Be Ready for a Winter Emergency
Ontario Government Reminding Families to Take Steps to Prepare Homes, Cars
As cold weather settles over Ontario and snow blankets many areas of the province, the Office of the Fire Marshal and Emergency Management is offering tips to make sure Ontarians are ready for winter emergencies.
A few simple steps will help families prepare their homes and cars for emergencies or winter power outages:
- Every Ontario family should have an emergency survival kit that includes, food, water, a flashlight and medication needed to be safe and for at least three days after a disaster.
- Inspect your existing kit to replace any out-of-date food or beverages.
- Install or inspect smoke and carbon monoxide alarms -- they can be electrically powered, battery powered, or a combination of both.
- Have a winter driving survival kit in your car that includes a shovel, blanket, extra clothing and footwear.
- In a power outage, use flashlights or battery-operated lanterns instead of candles or hurricane lamps. If you must use a candle, place it in a secure holder, cover it with a glass chimney, and keep it away from children and pets.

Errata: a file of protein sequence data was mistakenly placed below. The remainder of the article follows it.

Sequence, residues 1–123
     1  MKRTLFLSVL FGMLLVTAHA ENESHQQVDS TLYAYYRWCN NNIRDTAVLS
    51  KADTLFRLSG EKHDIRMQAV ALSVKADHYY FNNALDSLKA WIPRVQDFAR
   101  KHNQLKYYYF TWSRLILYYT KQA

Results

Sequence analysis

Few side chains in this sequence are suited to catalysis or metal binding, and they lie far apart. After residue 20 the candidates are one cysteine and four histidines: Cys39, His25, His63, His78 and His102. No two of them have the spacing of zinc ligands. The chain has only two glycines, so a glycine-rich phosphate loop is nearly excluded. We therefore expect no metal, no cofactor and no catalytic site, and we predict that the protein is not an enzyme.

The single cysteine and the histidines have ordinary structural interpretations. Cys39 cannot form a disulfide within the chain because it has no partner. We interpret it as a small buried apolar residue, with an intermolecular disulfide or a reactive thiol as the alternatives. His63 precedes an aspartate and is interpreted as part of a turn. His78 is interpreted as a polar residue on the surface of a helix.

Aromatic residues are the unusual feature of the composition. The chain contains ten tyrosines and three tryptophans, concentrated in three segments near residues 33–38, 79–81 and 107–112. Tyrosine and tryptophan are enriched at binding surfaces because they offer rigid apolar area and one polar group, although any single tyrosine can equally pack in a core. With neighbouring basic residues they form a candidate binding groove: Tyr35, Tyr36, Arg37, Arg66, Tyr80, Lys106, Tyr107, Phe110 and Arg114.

- Ensure you use portable generators, space heaters and barbecues safely.
- If you must be outside during cold weather or a snowstorm, avoid overexertion, wear several layers of clothing, wear waterproof and insulated boots and regularly check for frostbite.
- If you lose heating in your home, keep water running, even at a trickle, to help prevent pipes from freezing and bursting.
- In an average year, more Canadians die from exposure to winter cold than from tornadoes, lightning and windstorms combined.
- The coldest day on record in Ontario occurred on Dec. 29, 1933, with temperatures of – 38.9° C in Ottawa and – 45° C in Algonquin Park.
“The holiday season is the ideal time to learn how we can prepare for winter storms, cold weather and difficult driving conditions. I encourage all Ontarians to do their part to ensure their families stay safe and are ready to face winter emergencies.”
“The winter months can be a dangerous time for home fires and carbon monoxide risks. Put together an emergency survival kit and pay close attention to potential fire and carbon monoxide hazards related to the use of generators and alternative forms of heating.”
Tadeusz (Ted) Wieclawek